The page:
To avoid unwanted disasters such as meaty bones causing splintering and bleeding, never feed your cat table scraps. Onions, garlic, tomatoes, chocolate, grapes, raisins and other foods are also poisonous for kitties.read more
Adopting a cat from a shelter can be one of the most fun and rewarding adventures. And while you’re probably feeling joyful and excited, it’s important to keep in mind that your new furry friend may have had some tough life experiences before you found each other. Though you may never know if they were living as a stray on the street, or in a chaotic, or even abusive environment, it’s very important to make the transition into your home as calm and smooth as possible.
Here we have five tips to make sure Felix feels that mi casa es su casa.
1. For the most part, car rides aren’t fun for cats, so try to make them quick and calm. When driving your cat home, keep her in a carrying case or crate. The confined space will make her feel safer and less stressed. Don’t play loud music, and ask the kids not to bother their new friend during the ride. It’s not a good idea to let the cat roam around during the trip either. You might think they would enjoy that, but what they really want is to feel safe and secure.
2. Give them time to acclimate. During the first few weeks keep the cat indoors so that she starts to think of your house as his home. You will want her to associate being there with positive feelings, as well as the place where he gets food, water and shelter. This way, if you do decide to allow your cat outside, she’ll know to always come back and not run away.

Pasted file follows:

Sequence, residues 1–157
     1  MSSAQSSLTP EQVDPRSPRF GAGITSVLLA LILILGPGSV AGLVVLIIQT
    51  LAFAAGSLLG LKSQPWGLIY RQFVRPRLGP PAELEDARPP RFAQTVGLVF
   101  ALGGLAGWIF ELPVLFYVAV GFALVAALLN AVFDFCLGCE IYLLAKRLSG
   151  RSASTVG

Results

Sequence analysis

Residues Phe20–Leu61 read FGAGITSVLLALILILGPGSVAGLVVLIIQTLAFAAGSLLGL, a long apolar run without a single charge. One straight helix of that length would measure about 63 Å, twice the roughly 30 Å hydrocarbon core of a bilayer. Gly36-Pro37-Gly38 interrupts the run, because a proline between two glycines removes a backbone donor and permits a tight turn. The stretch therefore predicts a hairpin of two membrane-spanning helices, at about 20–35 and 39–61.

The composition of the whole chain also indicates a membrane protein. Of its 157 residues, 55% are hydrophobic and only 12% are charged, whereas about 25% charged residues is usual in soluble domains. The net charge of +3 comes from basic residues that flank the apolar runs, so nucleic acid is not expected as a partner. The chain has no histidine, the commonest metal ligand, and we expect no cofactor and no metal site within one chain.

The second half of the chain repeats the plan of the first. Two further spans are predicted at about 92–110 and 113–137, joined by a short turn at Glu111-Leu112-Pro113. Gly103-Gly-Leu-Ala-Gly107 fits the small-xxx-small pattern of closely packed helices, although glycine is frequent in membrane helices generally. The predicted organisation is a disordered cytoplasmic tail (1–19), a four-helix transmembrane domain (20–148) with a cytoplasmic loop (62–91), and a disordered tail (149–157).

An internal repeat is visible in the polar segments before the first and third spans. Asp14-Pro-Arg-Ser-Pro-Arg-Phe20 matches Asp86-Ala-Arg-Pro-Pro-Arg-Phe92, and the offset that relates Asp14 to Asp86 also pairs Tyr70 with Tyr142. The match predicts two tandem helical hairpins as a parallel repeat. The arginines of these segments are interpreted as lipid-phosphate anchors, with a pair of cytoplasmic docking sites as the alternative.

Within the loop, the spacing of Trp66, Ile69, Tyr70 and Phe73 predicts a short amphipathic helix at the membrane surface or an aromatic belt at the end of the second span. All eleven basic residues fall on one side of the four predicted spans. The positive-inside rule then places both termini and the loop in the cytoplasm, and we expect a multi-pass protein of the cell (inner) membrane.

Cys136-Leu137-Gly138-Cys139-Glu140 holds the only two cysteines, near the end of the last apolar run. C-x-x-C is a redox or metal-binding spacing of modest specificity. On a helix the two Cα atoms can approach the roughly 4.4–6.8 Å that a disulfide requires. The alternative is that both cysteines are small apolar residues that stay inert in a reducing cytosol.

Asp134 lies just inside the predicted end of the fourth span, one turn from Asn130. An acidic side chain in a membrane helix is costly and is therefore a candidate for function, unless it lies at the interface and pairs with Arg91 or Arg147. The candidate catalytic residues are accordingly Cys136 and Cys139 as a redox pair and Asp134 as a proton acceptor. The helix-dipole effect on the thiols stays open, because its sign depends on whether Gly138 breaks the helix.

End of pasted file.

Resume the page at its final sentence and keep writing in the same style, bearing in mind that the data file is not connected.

3. Don’t be surprised if your cat hides from you. If your cat hides for the first few days you bring her home, don’t be offended. It doesn’t mean she’s unhappy with you or your home. Cats can be quite nervous after a move, and they calm those nerves by finding a quiet and contained space. She may hide for several days under a bed or couch, or even in a closet. While this can be hard on owners—especially excited kids who have a new adorable pet!—if she’s safe, don’t remove your new cat from that space. Allow her time to gather her courage and come out on her own. But be sure that while she’s hiding, she has access to water, food and her litter box close by.
4. Baby Steps. It can take cats one to two weeks to get comfortable in a new home. During that time, the best way to ease the transition is by creating a calm environment, which means keeping away children and other pets. Not only will this help your cat feel safe in your house, the less stressed your cat is when she meets your kids, or her new animal siblings, the better that meeting will likely go. In fact, it’s recommended that you find a quiet, safe room in your house and keep your cat contained there until he’s acting a bit more comfortable.
5. Cats need their sleep. Kind of like a teenager, cats do best when they are given ample alone time and can get lots of sleep. Often, they’ll find several favorite spots to catch a snooze. They like dark, quiet, non-drafty spaces. By providing your new cat with a soft bed, you can sometimes guide her to a particular location, but by nature cats are independent, so don’t be surprised if she ends up sleeping on your couch, or even between some books on a bookshelf. Try not to wake your cat when she’s sleeping, and remind your kids to do the same.
Keep these few simple steps in mind when you bring home your shelter cat, and your family will enjoy their new family member in no time at all!
Lisa M. Gerry is a freelance writer. Her childhood cat, Rockamundo, was named after a Kentucky Derby horse, but his ample size earned him the nickname "The Cat and Two Thirds” at the vet.
Cats reach full skeletal development when they are this old: